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McGill University
NUR1 221
Sebastien Breau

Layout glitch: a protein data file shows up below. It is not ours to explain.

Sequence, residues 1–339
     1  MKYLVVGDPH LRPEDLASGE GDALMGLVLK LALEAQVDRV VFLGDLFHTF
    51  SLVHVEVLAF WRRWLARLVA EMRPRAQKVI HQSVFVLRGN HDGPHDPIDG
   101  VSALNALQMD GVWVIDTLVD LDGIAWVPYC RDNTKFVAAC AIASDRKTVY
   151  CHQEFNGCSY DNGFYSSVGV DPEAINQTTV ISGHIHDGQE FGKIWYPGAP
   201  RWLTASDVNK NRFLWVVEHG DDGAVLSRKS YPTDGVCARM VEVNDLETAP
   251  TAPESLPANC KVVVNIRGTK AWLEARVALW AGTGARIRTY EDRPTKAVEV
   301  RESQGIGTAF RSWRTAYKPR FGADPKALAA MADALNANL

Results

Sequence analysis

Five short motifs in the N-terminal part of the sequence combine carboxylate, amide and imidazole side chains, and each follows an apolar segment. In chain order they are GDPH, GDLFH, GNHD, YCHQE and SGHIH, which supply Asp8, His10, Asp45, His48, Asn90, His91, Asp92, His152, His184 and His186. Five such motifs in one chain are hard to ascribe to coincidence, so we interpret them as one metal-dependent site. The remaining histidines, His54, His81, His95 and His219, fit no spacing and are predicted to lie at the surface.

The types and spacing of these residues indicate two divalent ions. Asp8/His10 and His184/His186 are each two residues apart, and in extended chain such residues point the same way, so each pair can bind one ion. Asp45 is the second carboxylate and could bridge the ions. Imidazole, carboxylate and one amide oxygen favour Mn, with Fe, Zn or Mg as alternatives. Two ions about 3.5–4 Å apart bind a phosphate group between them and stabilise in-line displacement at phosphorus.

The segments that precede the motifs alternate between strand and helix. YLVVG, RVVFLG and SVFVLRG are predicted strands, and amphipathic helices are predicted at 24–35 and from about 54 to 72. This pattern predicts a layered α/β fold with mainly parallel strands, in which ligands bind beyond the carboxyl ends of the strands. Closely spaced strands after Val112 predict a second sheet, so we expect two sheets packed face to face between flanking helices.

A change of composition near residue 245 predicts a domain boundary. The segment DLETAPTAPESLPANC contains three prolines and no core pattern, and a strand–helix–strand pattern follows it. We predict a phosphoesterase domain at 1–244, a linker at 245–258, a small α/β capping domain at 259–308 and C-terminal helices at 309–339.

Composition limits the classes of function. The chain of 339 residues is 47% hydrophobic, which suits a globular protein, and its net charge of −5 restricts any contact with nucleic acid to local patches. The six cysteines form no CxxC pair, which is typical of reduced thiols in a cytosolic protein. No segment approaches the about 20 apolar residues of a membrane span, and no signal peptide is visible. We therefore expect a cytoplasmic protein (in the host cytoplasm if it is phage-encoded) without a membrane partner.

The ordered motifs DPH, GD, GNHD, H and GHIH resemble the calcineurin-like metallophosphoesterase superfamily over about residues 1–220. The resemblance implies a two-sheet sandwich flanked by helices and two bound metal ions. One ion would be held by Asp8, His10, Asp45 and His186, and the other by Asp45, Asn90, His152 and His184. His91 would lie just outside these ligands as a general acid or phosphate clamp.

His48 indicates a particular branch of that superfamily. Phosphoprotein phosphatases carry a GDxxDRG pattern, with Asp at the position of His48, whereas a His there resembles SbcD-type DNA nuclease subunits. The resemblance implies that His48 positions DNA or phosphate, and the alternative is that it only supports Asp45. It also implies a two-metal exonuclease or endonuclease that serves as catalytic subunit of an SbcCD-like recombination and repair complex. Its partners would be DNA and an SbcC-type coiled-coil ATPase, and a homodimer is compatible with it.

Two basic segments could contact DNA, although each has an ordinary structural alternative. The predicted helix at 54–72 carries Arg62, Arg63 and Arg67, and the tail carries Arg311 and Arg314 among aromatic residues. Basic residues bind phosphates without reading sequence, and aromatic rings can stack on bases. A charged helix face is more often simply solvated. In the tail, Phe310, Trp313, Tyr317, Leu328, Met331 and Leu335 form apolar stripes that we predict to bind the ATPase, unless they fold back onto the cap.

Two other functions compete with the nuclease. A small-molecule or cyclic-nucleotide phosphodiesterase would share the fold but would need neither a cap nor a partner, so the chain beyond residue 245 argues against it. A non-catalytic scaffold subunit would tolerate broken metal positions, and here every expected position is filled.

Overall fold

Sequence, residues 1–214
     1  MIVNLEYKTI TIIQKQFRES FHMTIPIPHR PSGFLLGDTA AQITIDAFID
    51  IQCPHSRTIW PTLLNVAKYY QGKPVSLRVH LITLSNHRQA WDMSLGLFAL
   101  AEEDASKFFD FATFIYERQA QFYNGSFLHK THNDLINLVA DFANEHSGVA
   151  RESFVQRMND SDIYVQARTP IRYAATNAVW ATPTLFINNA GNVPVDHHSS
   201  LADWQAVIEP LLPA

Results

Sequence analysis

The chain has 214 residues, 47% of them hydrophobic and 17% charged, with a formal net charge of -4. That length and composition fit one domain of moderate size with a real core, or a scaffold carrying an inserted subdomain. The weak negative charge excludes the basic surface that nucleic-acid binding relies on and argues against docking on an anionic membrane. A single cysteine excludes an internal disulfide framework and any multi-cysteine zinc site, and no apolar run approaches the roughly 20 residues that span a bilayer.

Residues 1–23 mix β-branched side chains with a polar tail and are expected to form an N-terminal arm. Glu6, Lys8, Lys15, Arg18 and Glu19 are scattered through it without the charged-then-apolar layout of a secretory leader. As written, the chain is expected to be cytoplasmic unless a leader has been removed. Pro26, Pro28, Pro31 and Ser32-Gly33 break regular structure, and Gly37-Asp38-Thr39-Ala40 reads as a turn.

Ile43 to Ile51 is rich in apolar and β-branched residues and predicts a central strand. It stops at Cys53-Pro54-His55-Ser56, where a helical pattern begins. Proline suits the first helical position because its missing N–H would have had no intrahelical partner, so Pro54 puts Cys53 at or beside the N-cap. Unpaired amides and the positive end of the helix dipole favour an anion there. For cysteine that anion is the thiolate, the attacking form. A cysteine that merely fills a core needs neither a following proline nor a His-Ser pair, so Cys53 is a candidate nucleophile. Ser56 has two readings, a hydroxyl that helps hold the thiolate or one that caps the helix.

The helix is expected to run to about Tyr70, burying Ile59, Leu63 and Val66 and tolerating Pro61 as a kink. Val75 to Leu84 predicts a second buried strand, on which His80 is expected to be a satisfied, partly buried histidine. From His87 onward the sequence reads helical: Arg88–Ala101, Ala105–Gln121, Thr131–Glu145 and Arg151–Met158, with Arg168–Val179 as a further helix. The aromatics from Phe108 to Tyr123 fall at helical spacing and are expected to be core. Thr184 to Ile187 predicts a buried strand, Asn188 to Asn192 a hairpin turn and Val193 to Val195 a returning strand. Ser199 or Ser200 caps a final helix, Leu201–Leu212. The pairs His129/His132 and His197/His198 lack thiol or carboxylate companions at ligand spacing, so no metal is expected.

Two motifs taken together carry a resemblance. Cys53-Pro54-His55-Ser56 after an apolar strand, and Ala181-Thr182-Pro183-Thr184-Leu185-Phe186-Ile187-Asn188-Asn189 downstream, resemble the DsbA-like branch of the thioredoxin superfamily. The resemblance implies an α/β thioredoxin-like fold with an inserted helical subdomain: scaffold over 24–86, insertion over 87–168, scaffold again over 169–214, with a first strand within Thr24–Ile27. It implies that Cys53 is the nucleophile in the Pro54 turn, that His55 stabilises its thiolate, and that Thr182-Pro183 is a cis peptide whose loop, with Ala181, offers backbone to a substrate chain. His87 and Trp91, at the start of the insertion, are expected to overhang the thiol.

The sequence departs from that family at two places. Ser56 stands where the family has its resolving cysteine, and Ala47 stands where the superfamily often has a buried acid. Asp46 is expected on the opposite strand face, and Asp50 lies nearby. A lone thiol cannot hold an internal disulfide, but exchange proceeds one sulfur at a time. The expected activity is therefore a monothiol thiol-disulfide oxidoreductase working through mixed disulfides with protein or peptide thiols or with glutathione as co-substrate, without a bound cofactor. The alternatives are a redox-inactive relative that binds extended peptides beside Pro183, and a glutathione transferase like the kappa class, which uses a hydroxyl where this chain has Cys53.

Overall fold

Family definition • According to Stephanie Coontz: family originally meant band of slaves • Murdock’s definition: o “Social group characterized by common residence, economic co-operation and reproduction. It includes adults of both sexes, at least two of whom maintain a socially approved sexual relationship and one or more children, own or adopted of the sexually cohabiting adults” • Assumptions: common residence, economic cooperation, reproduction, sexuality • Family studies: anthropology, sociology, economics, political science, public health policies, psychology, nursing, religion, law Tracking family diversity th th st Marriage – 19 Century Early 20 Century Consumer Post-Modern – 21 Century Patrilocal – stem 14 th Industrialization – diverse forms Crisis of early 20 century century th th Household 17 – 19 Colonial family - kinship Modern-Post 1950’s – traditional century nuclear Descent group 1970’s Patrilocal – 14 th Descent Group – Privilege Matrilineal - Patrilineal Century Stem-extended to 17th century – man’s offspring with Mediterranean values nuclear wife extra Household 17 – 19 th 19 century – couple with children Polynesia and Europe (16 century) century First Nations – Cree and Iroquois Families • Patrilocal – oldest brother is authority of all siblings and spouses • Stem – oldest son and family live with parents becoming an extended family th • Household in 17 century included boarders, servants- common residence under authority of household head rather than blood relatedness • Descent group – one of inheriting priviledge and property • Common description of a married couplethith co-resident children was distinguished from household resident or kin only in 19 century • Emotional meanings and psychological dynamics • Legitimacy of children • Healthy parent –child bonding – exchange and fostering of children as ways of cementing social ties • Same sex identification • Parenting techniques and roles and responsibilities i.e. weddings • Marital relationships 19 thcentury – closest bonds of middle-class women were with other women rather than their husbands (same as men who operated on a different sexual framework) Colonial Family – 18 th – 19th First Nations/Aboriginal Industrialization in 19 th Century Century French/British families Assimilation and eradication of Wage workers out of home First Nation’s culture production Colonial values under British Black families – kinship, extended Middle-class nuclear family rule families, role reversal orientation – child care (less (slavery/racism) child labour) Fictive kinship ties Chinese families (head tax) Lower class – women, children working in factories Patriarchal authority European immigration Family relations based on Mormon immigration (polygamy power encouraged) Disobedience punished • European settlers had extensive property, wealth and inheritance rights and the distribution of such varied among colonial families • Poor colonists tended to congregate in propertied households as apprentices, servants or lodgers • New France/ Quebec under British rule o Nuclear family structure in farming communities with large families o Church controlled education and promoted gender specific curriculum o Pronatal stance o Marriage at a younger age and no divorce (family solidarity more important than happiness) o Patriarchal family with seigneurial law  Tenant-controlled land needing more sons. • British o Massive immigration with entire families o Faster urbanization, industrialization than in Quebec o Right to private property and transition to capitalist and industrial society o Nuclear family structure, social status with households and intimate connection between family life and production. • British families o Christian principles o Fathers and husbands owned property and were responsible for subservient children and wives custody of moral character as well as economic well-being o British common law gave legal rights to men as heads of family o Divorce was possible after 1939  Men received better treatment from law retaining custody of children • Emergence of wage labor, a national market economy and the specialization of many occupations and professions from 1820’s. o Apprentices, journeymen and independent producers were replaced by wage workers. • Married women’s traditional household production taken over by unmarried girls working in factories • A growing number of middle-class families developed more private nuclear family orientation, keeping children at home longer • A new division of labor appeared among middle-class families • 1840’s – Victorian era o Middle-class notions of women being naturally endowed to provide the moral education of their children and to nurture them became widespread. o New ideology of parenting placed mothers at emotional center of family life. • Working class families were not able to adopt these changes o Worked in textile mills or factories or as domestic servants. o Depended on support networks of communities, neighborhoods and took in lodgers or boarders. • Family forms diverged in working class to single person and single-parent households. th th Early 20 Century 20 Century Family Values Crises – 1930’s – 1940’s Consumer 1920’s male breadwinner, Self-sufficient Marriage and fertility rate fell female homemaker, child in school family Compassionate marriage Cult of privacy Desertion and domestic violence Single people Family role in fostering individual Divorce increased fulfillment Multiculturism in Canada Acceptance of youth and leisure culture • Christian Europeans brought nuclear family structures to Western Canada o Patriarchal traditions - men property owners and responsible for women and children • Community development evolved with groups of immigrants with same/similar ethnic background settled together reinforcing traditional family structures • After 1880’s families took on “modern family characteristics” o Smaller families, lower fertility rates, companionate marriage, separation of home and work o Decline of respect for grandparents • Different family forms existed but divorce and unwed motherhood were less common • Higher proportion of single at turn of 20 century. • Life cycles of youth entering job, completing school, leaving home and marrying and setting up th household varied in 20 century. 1950’s Prosperity - Post 1950’s – Shift in Values in Post-Modern Family Modern Family 1970’s Average age of marriage Repudiation of traditional sexual double Diverse family forms dropped and divorce standard dropped Fertility and birth rate Rebellion against parental values Value independence, soared achievement, individualistic, competence Education gap between men Extension of civil rights to minorities, Generations X and women increased women, children Family life and gender roles Two-earner family increasing predictable – traditional form Reality – discrimination, cover up, child poverty, violence • Demographic changes increased women’s dependence on marriage reversing the gradual trend th in the opposite direction since early 20 century • Separation and teenage marriage with out of wedlock pregnanc